CONFUSED, frightened, tearful, a 15-year-old girl watches her boyfriend walk away in disgust. He called her stupid for getting pregnant. She thought they were in love.
A woman is filled with despair when she realizes that she is expecting her sixth child. Her husband is out of work, and the little ones go to bed hungry every night. How can they possibly care for another child?
“It couldn’t have come at a worse time,” explains a smartly dressed woman to her doctor. She has finally earned her Accounting degree and is about to begin her new career. Her husband is completely absorbed in his law practice. Where would they find time for a baby?
These people live worlds apart and face different dilemmas, but they choose the same solution: abortion.
Abortion is one of the most explosive issues of the decade, igniting raging debates in political, social, medical, and theological fields. Around the world, pro-lifers march for the rights of the unborn. The pro-choice camp stands on the grounds of freedom and a woman’s right to decide. Crusaders battle freedom fighters in elections, in courtrooms, even in the streets.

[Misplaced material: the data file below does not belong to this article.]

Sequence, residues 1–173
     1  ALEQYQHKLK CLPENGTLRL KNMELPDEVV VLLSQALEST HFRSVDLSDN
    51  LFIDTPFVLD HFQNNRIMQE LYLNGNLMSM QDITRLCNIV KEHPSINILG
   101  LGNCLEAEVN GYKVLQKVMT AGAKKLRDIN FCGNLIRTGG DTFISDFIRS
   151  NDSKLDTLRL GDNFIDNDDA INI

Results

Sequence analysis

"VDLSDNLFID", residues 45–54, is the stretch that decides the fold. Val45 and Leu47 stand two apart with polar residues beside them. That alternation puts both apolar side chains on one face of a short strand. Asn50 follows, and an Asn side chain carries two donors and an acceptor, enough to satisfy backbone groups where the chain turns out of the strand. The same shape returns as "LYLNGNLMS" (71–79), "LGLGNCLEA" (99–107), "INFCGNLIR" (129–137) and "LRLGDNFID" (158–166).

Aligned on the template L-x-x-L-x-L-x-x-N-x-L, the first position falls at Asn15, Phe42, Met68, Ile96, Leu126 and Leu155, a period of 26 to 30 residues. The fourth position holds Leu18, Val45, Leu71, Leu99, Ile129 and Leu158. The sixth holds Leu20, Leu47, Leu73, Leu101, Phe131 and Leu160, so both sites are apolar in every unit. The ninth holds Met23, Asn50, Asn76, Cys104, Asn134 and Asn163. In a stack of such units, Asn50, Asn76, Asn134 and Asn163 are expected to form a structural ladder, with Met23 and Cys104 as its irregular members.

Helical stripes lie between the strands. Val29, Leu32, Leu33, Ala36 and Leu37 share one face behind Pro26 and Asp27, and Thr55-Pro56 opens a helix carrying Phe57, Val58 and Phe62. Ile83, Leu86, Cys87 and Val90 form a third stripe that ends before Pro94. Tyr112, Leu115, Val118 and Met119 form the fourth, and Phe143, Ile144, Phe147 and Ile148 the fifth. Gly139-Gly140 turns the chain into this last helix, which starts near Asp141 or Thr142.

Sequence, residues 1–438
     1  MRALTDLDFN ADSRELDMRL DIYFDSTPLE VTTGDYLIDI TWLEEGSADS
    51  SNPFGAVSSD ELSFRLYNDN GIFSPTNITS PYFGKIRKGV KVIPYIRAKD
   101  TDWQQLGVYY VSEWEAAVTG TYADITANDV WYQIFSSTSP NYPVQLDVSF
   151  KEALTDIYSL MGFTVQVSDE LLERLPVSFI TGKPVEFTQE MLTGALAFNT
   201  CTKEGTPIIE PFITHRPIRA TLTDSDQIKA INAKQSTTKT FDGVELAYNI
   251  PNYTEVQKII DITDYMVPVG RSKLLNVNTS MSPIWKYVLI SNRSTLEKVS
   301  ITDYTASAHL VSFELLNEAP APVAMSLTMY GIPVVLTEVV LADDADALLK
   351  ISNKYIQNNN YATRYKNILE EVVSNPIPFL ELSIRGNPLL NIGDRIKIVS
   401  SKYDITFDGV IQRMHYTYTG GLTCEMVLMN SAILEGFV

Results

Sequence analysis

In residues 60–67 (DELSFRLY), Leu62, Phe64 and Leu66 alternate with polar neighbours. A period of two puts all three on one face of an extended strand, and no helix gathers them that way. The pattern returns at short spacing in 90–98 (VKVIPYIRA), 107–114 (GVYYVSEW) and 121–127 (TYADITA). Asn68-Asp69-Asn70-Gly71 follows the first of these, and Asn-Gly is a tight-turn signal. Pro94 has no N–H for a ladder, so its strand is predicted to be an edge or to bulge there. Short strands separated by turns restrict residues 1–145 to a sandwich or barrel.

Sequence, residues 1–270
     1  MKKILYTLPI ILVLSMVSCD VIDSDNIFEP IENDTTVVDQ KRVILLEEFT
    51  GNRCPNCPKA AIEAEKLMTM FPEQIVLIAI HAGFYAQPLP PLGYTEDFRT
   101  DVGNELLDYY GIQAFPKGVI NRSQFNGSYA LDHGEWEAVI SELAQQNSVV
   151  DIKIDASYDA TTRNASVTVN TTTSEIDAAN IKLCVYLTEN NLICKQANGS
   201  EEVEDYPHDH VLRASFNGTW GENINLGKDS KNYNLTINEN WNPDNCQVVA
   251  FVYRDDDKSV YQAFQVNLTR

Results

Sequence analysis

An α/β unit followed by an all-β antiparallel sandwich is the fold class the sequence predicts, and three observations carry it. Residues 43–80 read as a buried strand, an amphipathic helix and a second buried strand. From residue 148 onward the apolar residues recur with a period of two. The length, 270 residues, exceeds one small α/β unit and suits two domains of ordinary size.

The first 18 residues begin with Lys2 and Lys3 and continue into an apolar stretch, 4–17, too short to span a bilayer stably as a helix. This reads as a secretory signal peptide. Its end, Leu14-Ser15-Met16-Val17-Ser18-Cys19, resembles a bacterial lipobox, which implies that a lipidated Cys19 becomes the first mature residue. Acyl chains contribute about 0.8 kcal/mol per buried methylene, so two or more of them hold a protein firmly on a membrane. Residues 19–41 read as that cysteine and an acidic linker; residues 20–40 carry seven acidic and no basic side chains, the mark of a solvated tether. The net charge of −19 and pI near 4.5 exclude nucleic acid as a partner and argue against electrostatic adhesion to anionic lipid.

Millions are caught in a tug-of-war, torn by the impassioned arguments of each side. The very terms “pro-choice” and “pro-life” were carefully chosen to woo the undecided. In this age where freedom is idolized, who wouldn’t favor choice? But then again, who wouldn’t be for life?
This whole death-dealing tragedy is aptly described in Laurence H. Tribe’s book Abortion: The Clash of Absolutes. “Many who can readily envision the concrete humanity of a fetus, who hold its picture high and weep, barely see the woman who carries it and her human plight. . . . Many others, who can readily envision the woman and her body, who cry out for her right to control her destiny, barely envision the fetus within that woman and do not imagine as real the life it might have been allowed to lead.”
While this moral war rages on, in many western Countries and some parts of Africa, Sierra Leone is calm as the silence of the lambs. Abortion had never been an issue in Political debates or has been discussed in Civil Society forums. Human Rights organizations including The Human Rights Commission of Sierra Leone had not grappled with the issue and its controversy. But it should be noted that unofficial figures of abortions puts it at 15-20 abortions a week in the country. This figure is huge and I think the country has to take a stance on whether abortion should be legalized or the existing abortion laws be enforced.
Abortion Laws in Sierra Leone